Online College vs. Traditional College

If you’re weighing your college options, you have a lot of choices.  Should you pick a public or private school? Close to home or far away?  Add online colleges and traditional campus schools to the mix, and your choices may get tougher.  There are advantages to choosing both online colleges and campus schools—and knowing what they are can help you decide which is right for you.

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Benefits of Campus Schools

The “college experience.”  Many students—particularly younger ones—feel the experience of a traditional school is worth more to them than the academics.  There’s something to be said for studying in cavernous libraries, strolling around ivy-covered campuses, and parties and mixers.

Face-time with professors. Many students value the in-person relationships they forge in a traditional college setting.  When you’re at a campus school, you have the opportunity to meet professors face-to-face, network in person, and make an impression.  If you need recommendations after college for the next step in your career, it may be helpful to have a strong individual relationship with your professors.

Easier to form relationships. When you’re in college, you’re thrown together with hundreds of like-minded people your age.  With roommates, classmates, study partners, and friends in extra-curricular programs, you have plenty of opportunities to meet people and make friends.  With an online program, participants are far-flung and more focused on the degree than on socializing.  For those who are looking for friends and relationships through school, a traditional program may be the best option.

Benefits of Online College

A flexible schedule.  The most powerful benefit of an online degree program is the flexible nature.  You don’t have to physically sit in a classroom at a certain time of day every week.  You don’t have to choose between a job and a class.  And you don’t have to sacrifice family responsibilities for your education.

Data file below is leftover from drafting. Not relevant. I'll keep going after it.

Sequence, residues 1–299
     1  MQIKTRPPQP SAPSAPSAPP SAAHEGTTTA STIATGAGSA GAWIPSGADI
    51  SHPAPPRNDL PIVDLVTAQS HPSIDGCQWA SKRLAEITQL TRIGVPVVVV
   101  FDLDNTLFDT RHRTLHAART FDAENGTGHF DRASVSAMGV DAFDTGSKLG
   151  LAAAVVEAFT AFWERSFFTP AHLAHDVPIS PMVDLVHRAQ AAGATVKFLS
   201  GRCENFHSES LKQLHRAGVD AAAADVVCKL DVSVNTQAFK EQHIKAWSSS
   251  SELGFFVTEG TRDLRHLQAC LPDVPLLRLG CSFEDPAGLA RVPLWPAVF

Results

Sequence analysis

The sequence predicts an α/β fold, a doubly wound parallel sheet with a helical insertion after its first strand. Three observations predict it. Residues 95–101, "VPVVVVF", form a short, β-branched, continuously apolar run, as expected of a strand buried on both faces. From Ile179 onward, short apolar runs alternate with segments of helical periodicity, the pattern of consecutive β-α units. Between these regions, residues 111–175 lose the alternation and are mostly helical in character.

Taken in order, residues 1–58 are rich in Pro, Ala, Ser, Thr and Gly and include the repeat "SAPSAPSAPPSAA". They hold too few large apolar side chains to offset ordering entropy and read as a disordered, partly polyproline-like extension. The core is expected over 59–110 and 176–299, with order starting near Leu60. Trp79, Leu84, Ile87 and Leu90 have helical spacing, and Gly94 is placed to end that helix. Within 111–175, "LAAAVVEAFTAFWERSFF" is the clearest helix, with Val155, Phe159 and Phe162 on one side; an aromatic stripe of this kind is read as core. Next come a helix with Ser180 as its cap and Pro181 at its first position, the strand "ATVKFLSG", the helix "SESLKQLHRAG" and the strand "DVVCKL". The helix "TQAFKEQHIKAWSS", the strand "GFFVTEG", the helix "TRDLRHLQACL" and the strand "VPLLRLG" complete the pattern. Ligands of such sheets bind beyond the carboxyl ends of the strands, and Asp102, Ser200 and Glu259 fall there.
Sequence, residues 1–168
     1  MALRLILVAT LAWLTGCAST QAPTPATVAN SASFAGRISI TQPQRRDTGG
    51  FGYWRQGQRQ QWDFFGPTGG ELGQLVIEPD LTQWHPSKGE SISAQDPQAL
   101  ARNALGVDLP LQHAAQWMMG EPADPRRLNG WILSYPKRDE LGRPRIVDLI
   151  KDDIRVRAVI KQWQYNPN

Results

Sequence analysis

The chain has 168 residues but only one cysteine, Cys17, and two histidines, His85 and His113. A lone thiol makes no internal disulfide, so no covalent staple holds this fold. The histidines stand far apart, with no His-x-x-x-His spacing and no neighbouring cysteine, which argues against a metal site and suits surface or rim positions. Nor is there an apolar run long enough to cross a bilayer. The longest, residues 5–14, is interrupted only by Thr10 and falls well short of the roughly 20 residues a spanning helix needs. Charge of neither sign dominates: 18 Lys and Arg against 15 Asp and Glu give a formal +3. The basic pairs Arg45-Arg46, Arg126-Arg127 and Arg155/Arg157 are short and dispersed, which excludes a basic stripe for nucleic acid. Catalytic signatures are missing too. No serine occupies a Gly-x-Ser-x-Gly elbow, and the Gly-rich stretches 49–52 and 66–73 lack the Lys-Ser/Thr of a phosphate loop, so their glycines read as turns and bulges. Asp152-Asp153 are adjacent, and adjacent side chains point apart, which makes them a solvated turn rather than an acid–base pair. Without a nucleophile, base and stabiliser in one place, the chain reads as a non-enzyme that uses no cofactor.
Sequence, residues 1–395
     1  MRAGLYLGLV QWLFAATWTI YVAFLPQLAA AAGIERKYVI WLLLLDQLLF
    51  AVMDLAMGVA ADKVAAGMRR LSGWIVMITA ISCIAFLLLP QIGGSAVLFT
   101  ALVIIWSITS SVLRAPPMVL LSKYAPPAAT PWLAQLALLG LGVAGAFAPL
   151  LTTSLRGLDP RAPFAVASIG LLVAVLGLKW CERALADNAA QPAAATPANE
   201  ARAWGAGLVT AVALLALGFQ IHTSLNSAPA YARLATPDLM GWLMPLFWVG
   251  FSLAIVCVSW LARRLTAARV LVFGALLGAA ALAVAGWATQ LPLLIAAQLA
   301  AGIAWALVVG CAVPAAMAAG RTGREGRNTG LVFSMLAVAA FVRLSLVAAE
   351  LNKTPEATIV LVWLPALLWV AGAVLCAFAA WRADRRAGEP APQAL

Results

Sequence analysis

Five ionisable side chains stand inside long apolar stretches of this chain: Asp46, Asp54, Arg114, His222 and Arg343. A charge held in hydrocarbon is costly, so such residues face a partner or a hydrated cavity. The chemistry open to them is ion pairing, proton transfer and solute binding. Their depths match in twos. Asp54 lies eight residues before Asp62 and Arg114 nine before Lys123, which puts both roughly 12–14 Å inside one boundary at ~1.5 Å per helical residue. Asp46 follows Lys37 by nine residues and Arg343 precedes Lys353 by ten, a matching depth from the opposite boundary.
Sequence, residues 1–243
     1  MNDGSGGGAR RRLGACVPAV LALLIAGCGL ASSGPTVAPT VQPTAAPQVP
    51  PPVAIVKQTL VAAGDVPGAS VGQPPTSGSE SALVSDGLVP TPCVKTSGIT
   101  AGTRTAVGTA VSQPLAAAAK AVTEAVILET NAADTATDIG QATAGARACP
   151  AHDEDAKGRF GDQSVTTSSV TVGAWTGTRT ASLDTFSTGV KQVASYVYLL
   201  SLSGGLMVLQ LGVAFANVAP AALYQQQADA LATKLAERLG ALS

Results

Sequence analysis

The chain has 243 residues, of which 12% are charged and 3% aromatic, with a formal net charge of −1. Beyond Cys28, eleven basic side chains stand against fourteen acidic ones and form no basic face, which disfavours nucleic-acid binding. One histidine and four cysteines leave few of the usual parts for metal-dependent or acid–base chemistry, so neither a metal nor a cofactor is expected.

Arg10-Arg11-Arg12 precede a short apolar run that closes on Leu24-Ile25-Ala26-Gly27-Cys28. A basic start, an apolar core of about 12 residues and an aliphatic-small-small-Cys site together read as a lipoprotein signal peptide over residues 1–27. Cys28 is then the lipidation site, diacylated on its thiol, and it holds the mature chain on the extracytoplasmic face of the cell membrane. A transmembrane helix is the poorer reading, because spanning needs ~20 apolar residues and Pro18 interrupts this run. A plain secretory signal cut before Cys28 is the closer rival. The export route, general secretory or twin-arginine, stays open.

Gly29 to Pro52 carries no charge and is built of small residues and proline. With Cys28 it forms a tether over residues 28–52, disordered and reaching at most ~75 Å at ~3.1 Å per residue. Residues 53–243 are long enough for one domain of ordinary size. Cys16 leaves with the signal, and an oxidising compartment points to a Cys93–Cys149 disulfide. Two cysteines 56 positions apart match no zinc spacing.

This can be a blessing for those non-traditional adult learners who already work full-time, have small children, or take care of relatives in the home.  When you already have an adult life with adult demands, it’s almost impossible to go back to school full-time.  Online degree programs make it much easier for you to do this.

Less expense. When you go to a traditional school, you may have to pay room and board as part of your tuition expense.  If there’s no available college housing, you may be stuck renting an expensive apartment near campus.  Rents in college towns tend to be high, because the customer base is a captive audience—students have to rent near the school, and if the rent is high, they simply live with roommates or ask their parents for help.

With virtual learning, you can avoid the expense of room and board, rent in a college town, and other incidentals.  You can live in an affordable neighborhood across town or across the country.  With no commute, you save on transportation costs.  And you can keep working while you study, which can help you a great deal financially.

More access. If your desired degree program isn’t available at a college in your area, you may be out of luck as a traditional student—unless you’re willing to move.  With virtual learning, you have access to college programs across the country—there’s no geographical limit to where you can study. 

Both campus schools and virtual learning have their pros and cons.  Before making your decision, take some time to consider your financial position.  If you’re a young adult with parents who are able to send you to college, and you’re looking for that traditional “college experience,” an online education may not be the best option for you.  But if you have a full-time job, you’re putting yourself through school, or you’re the primary caregiver in your family, an accredited online college may be the best way for you to earn your degree.

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